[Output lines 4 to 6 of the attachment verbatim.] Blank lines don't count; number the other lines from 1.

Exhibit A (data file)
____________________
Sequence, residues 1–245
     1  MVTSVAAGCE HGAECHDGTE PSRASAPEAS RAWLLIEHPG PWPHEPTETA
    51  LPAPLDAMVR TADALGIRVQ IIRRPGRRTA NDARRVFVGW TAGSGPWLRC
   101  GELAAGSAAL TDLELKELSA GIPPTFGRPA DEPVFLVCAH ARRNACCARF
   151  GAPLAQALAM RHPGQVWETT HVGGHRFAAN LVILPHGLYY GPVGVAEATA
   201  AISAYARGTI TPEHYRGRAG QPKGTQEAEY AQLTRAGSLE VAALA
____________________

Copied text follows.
   101  GELAAGSAAL TDLELKELSA GIPPTFGRPA DEPVFLVCAH ARRNACCARF
   151  GAPLAQALAM RHPGQVWETT HVGGHRFAAN LVILPHGLYY GPVGVAEATA
   201  AISAYARGTI TPEHYRGRAG QPKGTQEAEY AQLTRAGSLE VAALA